Sports is slowing down for the winter break so all of you Trojans, Tonopah and Beatty fans will have to put up with my opinion this week before Christmas.
As everyone in Pahurmp knows, the women’s soccer team lost a 3-2 bout for the state title up in Carson City. As a person who witnessed the game, I am not here to blame and point fingers, but only wish to look at the facts and how things are changing.
After all, the Trojans played a tough game and went down guns blazing scoring their last goal in the last 20 seconds of the game. I would even venture to say if the Trojans had an extra 20 minutes they would have worn down the South Tahoe team and actually pulled the victory off. I even think our girls had the better team.
As everyone knows, I have come off as a proponent of club sports, especially in soccer and I have taken flack from all the coaches who do not agree with me on this, but most respect my opinion.
It’s a different age now from when I grew up in the 70s where there really were no club sports. Scouts from colleges would actually visit high schools to look at players. Nowadays club sports pretty much dominate athletics in every sport, including football. Division one college teams just do not have the time to see and visit high schools and there is just too much money involved at this level. Athletes wanting to go to a Division one school have to invest the time in promoting themselves.
Case in point, Kaitlin Klem who is now playing at a Division 1 school, Grand Canyon University, playing soccer is a good example. She would be the first to tell you that her grades got her into college but she needed club soccer and a college recruiter to figure out which Division 1 schools were good for her.
I use Klem here to illustrate this point, but there were others too according to Joe Sladek, head coach for the Las Vegas Players Club team. Sladek has also been instrumental in propelling our girls teams to state as an assistant coach. The chemistry between him and Head Coach Pam Larmouth over the years has just been fabulous.
“Terah Larmouth and Janet Garcia (the 2 players in 2008) were the first two long term club players (that I coached) that played soccer for PVHS,” Sladek said. “Prior to 2010, PVHS had not qualified for the state tournament. They played in the 2009 (maybe 2008) tourney in Mesquite only because there were only two southern 4-A teams (Faith and PVHS).”
The coaches against club sports say that club sports really kill athletics in the Division 1-A level, but they fail to point out that the Division leaders like Faith Lutheran use club sports.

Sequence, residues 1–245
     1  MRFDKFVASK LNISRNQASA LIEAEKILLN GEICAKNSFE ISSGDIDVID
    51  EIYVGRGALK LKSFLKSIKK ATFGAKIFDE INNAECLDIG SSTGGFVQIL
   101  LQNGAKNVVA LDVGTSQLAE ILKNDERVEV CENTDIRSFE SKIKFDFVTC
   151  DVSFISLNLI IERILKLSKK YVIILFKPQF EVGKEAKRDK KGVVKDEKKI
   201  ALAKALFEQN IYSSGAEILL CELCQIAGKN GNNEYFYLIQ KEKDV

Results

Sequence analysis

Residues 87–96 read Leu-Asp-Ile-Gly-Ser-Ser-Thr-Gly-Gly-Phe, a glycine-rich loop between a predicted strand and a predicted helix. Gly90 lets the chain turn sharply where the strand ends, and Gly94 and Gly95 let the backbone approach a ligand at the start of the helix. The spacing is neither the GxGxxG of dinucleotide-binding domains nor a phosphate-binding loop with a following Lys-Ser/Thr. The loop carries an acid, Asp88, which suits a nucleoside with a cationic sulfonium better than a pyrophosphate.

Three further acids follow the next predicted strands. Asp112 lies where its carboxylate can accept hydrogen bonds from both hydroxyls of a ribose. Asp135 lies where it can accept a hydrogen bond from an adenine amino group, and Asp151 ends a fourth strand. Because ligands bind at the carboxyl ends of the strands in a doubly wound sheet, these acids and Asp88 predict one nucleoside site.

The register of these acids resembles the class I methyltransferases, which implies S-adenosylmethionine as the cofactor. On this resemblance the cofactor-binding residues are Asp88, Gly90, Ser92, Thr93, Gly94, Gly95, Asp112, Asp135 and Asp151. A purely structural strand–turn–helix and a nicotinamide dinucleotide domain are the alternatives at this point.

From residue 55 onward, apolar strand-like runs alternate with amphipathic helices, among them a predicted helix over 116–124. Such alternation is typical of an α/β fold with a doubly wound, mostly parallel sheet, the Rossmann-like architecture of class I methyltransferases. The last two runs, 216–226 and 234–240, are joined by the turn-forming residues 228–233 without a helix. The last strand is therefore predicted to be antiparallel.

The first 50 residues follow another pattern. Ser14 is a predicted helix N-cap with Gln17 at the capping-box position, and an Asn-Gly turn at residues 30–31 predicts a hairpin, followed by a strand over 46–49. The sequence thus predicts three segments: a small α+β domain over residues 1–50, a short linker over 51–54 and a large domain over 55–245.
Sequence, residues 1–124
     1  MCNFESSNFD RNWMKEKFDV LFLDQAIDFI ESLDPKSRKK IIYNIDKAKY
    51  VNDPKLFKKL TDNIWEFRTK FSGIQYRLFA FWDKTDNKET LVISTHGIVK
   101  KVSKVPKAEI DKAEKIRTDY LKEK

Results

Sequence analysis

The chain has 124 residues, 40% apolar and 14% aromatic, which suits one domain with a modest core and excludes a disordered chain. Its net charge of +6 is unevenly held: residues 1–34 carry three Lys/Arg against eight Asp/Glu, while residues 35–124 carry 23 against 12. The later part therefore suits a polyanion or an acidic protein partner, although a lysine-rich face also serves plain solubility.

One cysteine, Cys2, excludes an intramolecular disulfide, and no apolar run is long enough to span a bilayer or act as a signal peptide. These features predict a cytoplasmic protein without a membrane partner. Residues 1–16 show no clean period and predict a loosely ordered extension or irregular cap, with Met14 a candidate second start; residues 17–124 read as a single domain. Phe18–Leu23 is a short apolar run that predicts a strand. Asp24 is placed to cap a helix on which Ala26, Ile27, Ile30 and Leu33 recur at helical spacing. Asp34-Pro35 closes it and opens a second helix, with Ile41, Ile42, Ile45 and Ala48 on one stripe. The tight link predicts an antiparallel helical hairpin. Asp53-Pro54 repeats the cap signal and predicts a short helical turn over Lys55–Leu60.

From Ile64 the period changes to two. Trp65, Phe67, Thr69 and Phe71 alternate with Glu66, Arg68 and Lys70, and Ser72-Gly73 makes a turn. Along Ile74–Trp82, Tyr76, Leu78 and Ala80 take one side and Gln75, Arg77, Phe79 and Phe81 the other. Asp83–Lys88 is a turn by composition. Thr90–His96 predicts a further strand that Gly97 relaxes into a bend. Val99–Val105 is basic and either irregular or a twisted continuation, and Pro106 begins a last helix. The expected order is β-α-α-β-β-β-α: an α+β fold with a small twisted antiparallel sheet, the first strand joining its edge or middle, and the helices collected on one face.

When your competition is using club sport athletes to fill key positions, you will lose. Joe Sladek has proven this.
“Length of club experience is more important that just club experience as it takes 3-4 years of year-round club experience before a kid “gets it”. As they gain more experience and confidence their game improves and they are able to play at a higher level. Sydney, Courtney, Bird and Lexi are examples of players that can play at any level of the game. They all have national experience that has pushed them to be able to play at the Division 1 level of college soccer. I expect all four of them to do well in college,” he said.
Sladek’s daughter Sydney Sladek will be going to play for the University of Southern California next year and will remain a Trojan.
Could you say the decline in club players has led to the Trojans loss? I won’t go that far. People forget that the score was 0-0 at the end of the first half of the state title game.
Some coaches believe club players take away from other sports. This is debatable. Pahrump has roughly 1,200 students and maybe 30 percent of them are athletes. We have a large pool of students which can be used, and all we need to do is motivate the right people. It can be done. Look at Pahranagat Valley, they have around 100 students and pull from the entire student body.
If a club player is playing a club sport more than likely he or she loves the sport she is playing and wants to play that sport in college and therefore won’t play another sport anyway.
Last year the track team had several players who did not fully commit. I agree with the coaches, that if they can’t commit to the major meets than they should not be running track. Of course, I would like them on the team. The ones that did run last year were good runners and deserved to run. This should be up to coach and the team with the coach having the final say. This way it’s not a total democracy. So, if you have a player that is good and she or he has a club obligation, have the athlete spell it out at the beginning of the season on how many meets they will miss and hold them to it. There must be some give on both sides.